Saturday, August 19, 2017

Flatbedder Steve Huddleston drove dry van for 2 hours, found he didn’t like ‘doing nothing’


Monday, March 13, 2017
by DOROTHY COX/The Trucker Staff

One of the reasons flatbed owner-operator Steve Huddleston says he likes his 1999 Kenworth 549 is because it’s so old, it has no wiring where an electronic logging device could be connected, making older model, well-maintained trucks like his much in demand right now. (The Trucker: DOROTHY COX)
One of the reasons flatbed owner-operator Steve Huddleston says he likes his 1999 Kenworth 549 is because it’s so old, it has no wiring where an electronic logging device could be connected, making older model, well-maintained trucks like his much in demand right now. (The Trucker: DOROTHY COX)

NORTH LITTLE ROCK, Ark. — A CMV inspector in Florida told a group of drivers recently that even if the shipper doesn’t fasten down a load securely, once the carrier and driver accept the load, it’s on them to make sure it’s safe. And that’s one of the things 18-year career driver Steve Huddleston likes about being a flatbedder: being in charge of his own load.

The 43-year-old owner-operator says he’s the one who makes sure his load is tied down properly and everything is safe and secure. The Little Rock, Arkansas, resident, who is leased to MJS Transportation Inc. in West Decatur, Indiana, also likes getting out of the truck cab and getting physical exercise.

“I like being hands-on,” he says. “I was a dry van driver for two hours and I said, “take it back, I don’t like this. I don’t like being in the cab doing nothing.”

He tried being a company driver, which lasted about six months. When he requested hauling to certain parts of the U.S., he says, they paid no attention and made him deliver places where he hated driving. That’s one reason he’s been an owner-operator for 17 ½ years. “I want to deliver where I want to go.”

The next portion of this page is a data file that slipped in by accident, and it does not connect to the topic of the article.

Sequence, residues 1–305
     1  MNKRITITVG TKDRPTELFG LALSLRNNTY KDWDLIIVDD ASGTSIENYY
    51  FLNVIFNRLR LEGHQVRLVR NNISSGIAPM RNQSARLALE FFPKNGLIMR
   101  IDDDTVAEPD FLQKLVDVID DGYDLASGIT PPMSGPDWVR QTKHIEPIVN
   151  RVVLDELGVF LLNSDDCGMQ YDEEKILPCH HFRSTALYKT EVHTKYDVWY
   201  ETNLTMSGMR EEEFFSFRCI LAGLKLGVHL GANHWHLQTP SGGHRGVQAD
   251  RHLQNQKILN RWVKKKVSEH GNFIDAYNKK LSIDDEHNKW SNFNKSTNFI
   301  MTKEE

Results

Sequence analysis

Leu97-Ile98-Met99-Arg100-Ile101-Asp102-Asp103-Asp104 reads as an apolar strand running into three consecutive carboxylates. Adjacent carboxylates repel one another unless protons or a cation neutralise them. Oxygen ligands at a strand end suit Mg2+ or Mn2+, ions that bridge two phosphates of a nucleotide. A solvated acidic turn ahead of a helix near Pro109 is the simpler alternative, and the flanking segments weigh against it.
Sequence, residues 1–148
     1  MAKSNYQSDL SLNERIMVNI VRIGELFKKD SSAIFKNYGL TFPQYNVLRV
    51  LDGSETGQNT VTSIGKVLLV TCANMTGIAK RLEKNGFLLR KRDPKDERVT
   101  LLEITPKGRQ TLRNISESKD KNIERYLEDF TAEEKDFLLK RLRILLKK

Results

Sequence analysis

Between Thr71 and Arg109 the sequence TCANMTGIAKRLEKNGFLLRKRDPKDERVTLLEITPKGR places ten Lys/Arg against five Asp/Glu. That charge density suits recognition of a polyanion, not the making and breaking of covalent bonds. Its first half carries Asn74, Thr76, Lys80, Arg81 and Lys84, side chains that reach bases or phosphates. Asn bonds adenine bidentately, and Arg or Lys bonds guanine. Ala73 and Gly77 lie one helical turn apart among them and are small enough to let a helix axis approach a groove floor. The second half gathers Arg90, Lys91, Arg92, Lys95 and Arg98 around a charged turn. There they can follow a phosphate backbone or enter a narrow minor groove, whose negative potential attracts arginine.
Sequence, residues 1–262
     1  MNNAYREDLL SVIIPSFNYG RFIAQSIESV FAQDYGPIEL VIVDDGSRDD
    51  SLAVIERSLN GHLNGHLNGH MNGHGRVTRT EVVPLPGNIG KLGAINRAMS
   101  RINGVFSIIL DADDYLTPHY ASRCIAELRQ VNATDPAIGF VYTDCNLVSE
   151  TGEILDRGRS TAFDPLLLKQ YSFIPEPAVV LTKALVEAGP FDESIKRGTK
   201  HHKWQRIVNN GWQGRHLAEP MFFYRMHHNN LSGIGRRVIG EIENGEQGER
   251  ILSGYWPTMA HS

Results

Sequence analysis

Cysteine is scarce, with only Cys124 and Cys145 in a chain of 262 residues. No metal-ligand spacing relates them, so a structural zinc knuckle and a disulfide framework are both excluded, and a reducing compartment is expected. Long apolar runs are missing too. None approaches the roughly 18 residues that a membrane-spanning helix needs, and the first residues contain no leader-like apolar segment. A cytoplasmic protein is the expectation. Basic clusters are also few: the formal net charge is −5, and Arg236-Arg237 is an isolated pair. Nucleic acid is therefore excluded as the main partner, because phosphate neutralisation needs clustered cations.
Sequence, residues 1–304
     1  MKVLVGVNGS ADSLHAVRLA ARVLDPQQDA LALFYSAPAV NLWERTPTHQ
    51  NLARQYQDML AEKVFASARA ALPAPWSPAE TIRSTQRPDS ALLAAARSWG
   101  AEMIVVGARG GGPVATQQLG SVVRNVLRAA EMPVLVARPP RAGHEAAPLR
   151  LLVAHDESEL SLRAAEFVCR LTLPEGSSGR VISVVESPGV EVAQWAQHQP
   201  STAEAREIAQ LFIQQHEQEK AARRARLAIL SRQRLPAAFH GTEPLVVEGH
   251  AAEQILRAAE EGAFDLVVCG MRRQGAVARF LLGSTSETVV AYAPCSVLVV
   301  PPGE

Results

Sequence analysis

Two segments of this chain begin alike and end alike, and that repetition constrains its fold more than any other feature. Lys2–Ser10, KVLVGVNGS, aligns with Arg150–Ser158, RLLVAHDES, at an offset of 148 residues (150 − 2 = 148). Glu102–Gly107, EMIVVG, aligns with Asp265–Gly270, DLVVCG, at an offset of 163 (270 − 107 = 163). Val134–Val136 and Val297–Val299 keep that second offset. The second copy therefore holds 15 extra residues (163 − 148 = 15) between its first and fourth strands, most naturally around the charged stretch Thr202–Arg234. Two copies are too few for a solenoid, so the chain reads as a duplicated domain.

Also, being an owner-operator lets him be in charge of carefully maintaining his 1999 Kenworth 549.

It’s so old, he says, it’s exempt from having an electronic logging device retrofitted in. Anyway, “how could you do it?” he asks. “There’s no wiring” in the cab for an ELD. That’s why he says well-maintained trucks of this age are in demand right now.

“I just had someone offer me $80,000 for it and I turned it down.”

Huddleston is out on the road about two weeks at a time and hauls mostly steel products such as coils. “It used to be two to three months at a time,” he says.

Like quite a few professional truck drivers, trucking got in Huddleston’s blood early in life.

“My dad (also named Steve) would take me with him in the truck in the summers.”

Huddleston’s eyes light up when he remembers those days of driving with his dad.

What made it so fascinating?

“The freedom,” he says, his face breaking into a wide grin. “I’ve been everywhere in the U.S. and from Canada to Mexico, just everywhere.” He and his wife Stephanie have a 19-year-old son, a 23-year-old daughter, a 7-year-old granddaughter and a 4-year-old grandson. His kids so far haven’t expressed any interest in trucking.

When he’s home, it’s all about spending time with family and getting out in the woods on his four-wheeler.

Of course, not every professional driver can boast of being taught by a father or other family member like Huddleston.

“There’s not as much freedom; there are too many inexperienced drivers” on the road now, he says.

“You can’t train somebody for three weeks and then turn them loose. That’s like putting an infant in a car and expecting them to drive. Why would you do that?”

And, he says, newbie truck drivers don’t seem to know blinkers exist because they don’t use them in their personal cars. Student truck drivers should be trained by someone who has been driving five years or more, he believes.

The rules and regulations have also made the trucker’s job more difficult, he says.

With computerized logs, he says a half million trucks are moving on the roads while the other half million are at the truck stop. “By 6:30 tonight there’s no place to park. What are you going to do?”

And he notes that his home state of Arkansas is closing rest stops right and left. “They say it’s for remodeling but they just don’t want the truckers there,” he maintains.

Bottom line, “If they’re going to make these rules, they need to give a little so we’ll be able to follow them.”         That’s probably something every trucker can agree with.

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